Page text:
Tree & neighborhood scale patterns of wind damage
Work by Peterson or students in our lab now covers at least 15 different wind-disturbed forest sites in eastern North America, scattered among Pennsylvania, Connecticut, Missouri, Minnesota, Tennessee, and Georgia.
Not all of this work has yet been published, and in fact a “synthesis” paper presenting findings from all of these sites together, is underway. The most robust patterns are probably to be expected: larger trees are usually (not always!) more vulnerable to wind damage than smaller trees; there are interspecific differences in levels of wind damage, although size is probably a more important factor, and the numerous other influences (soil type, soil saturation, stand age, exposure) makes it difficult to get an accurate picture of how species differ. This image shows moderate-severity damage at a site in northern Georgia; note that most of the largest trees are down, while most of the saplings and understory trees are still standing.
There are interesting and perhaps counter-intuitive trends spatially across stands, in which trees growing at long-established edges, or elsewhere that have had a lengthy history of wind exposure, tend to be more resistant to wind damage than those trees that lives a “sheltered” life in a closed stand. There are hints from other researcher’s studies that some species may preferentially lose limbs in high winds, and thereby avoid uprooting or major trunk breakage. Resprouting after wind damage is very common among most of the hardwood species, and resprouts may in some cases make major contributions to the regenerating stand. The long-term viability and stability of sprouts on damaged parent trees, however, is unknown.
One recent finding from work in a series of different-sized gaps in Allegheny National Forest (northwestern Pennsylvania) showed that gap size and severity covary; i.e. larger gaps also tend to be more severely disturbed.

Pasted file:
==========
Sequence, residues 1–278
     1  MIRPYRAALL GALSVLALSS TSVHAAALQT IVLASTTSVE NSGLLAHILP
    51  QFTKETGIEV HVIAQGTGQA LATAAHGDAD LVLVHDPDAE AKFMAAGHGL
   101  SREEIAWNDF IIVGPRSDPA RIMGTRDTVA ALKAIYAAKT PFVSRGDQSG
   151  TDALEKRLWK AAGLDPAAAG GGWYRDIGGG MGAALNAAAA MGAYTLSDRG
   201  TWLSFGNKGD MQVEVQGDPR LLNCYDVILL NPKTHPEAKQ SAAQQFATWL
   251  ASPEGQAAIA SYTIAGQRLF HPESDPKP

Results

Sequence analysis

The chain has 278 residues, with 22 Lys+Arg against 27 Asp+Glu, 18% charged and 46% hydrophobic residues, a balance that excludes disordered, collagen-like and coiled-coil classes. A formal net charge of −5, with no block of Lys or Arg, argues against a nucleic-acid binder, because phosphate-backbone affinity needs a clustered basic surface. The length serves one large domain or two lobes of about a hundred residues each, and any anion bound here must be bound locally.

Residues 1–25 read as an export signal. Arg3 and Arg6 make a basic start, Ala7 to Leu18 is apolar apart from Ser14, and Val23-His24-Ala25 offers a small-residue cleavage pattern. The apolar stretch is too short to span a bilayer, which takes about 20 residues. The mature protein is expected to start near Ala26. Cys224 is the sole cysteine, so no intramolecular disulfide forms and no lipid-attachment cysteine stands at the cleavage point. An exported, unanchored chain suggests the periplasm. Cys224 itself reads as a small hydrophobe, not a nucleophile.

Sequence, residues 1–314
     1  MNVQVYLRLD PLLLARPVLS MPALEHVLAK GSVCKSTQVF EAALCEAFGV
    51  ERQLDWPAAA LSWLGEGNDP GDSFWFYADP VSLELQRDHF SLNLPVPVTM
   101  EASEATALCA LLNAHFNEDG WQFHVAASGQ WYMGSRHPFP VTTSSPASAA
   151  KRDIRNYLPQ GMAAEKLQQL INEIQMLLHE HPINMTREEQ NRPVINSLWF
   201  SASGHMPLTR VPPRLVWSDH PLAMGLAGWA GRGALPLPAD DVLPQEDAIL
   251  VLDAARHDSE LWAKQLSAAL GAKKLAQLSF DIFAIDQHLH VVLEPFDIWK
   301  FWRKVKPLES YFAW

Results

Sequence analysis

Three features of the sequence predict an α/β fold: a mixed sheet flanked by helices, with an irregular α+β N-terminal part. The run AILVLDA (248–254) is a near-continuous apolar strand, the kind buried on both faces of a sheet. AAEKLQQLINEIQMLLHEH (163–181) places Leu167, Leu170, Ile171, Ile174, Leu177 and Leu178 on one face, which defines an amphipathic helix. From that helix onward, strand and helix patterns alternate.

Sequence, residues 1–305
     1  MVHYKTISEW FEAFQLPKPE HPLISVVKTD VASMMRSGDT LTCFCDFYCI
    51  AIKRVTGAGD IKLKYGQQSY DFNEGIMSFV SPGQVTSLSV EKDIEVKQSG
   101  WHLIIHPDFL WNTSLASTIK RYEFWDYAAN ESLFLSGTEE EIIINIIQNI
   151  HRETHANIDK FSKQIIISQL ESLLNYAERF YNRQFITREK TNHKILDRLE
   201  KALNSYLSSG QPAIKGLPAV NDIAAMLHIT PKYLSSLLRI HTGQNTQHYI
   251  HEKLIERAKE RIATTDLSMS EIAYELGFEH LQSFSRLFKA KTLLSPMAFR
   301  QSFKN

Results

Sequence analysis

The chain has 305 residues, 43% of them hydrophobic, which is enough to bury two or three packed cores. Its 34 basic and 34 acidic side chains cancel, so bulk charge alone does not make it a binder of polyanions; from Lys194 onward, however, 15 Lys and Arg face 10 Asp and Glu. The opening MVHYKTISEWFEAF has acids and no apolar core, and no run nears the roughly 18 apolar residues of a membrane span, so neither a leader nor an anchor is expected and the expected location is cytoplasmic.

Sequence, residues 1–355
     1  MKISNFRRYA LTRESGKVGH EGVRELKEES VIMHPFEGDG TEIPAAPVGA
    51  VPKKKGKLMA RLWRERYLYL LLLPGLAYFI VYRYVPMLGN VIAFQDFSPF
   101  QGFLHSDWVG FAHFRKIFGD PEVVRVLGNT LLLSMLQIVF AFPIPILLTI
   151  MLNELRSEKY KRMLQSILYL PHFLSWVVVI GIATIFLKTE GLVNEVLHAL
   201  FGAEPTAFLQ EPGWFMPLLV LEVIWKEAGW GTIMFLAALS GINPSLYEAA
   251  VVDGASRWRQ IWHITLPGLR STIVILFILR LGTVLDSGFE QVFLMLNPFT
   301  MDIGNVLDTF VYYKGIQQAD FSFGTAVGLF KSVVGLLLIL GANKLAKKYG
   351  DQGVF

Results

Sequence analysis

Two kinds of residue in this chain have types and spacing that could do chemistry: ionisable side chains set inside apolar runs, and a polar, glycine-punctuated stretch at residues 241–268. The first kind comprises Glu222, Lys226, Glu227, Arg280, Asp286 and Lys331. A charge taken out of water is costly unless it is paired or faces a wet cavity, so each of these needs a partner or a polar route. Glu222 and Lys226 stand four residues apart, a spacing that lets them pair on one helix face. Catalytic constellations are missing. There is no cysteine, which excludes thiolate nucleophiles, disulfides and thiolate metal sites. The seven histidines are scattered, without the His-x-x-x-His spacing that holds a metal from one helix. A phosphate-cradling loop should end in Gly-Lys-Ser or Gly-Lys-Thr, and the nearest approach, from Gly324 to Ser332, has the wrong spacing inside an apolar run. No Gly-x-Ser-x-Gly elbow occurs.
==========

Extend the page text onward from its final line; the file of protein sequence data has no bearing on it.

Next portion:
This finding has not been previously described, and it will be interesting to see if other studies find similar patterns.
Another trend that we’ve documented is that in a given wind-damage site, treefall directions seem to be more strongly determined by the wind than by the topography; trees do not necessarily fall downhill.
Perhaps more surprising, though, is a currently-unexplained pattern: larger trees tend to fall slightly more in a clockwise direction than smaller trees.
Most work (including our own) has thus far simply presented damage patterns “as is”, using the data from plots that experienced varying levels of wind damage. However, following groundbreaking work by Charlie Canham, Michael Papaik, Roy Rich, and Lee Frelich, we are shifting the approach to studying damage patterns by partitioning our data into differing levels of severity to ask questions about how damage patterns vary from lower to higher severity. Severity is the outcome or amount of damage from a disturbance, and is usually correlated with intensity, or the “power” of the disturbing agent; in the case of wind disturbance, intensity would be the speed and duration of the wind. Severity and intensity are not perfectly correlated, however, because multiple factors determine whether trees stand or fall in a wind event. Thus the newer approach seeks to estimate intensity (in the absence of anemometers!) using some kind of standardization of the severity (e.g. use one species and one size class to compare damage among many sample plots).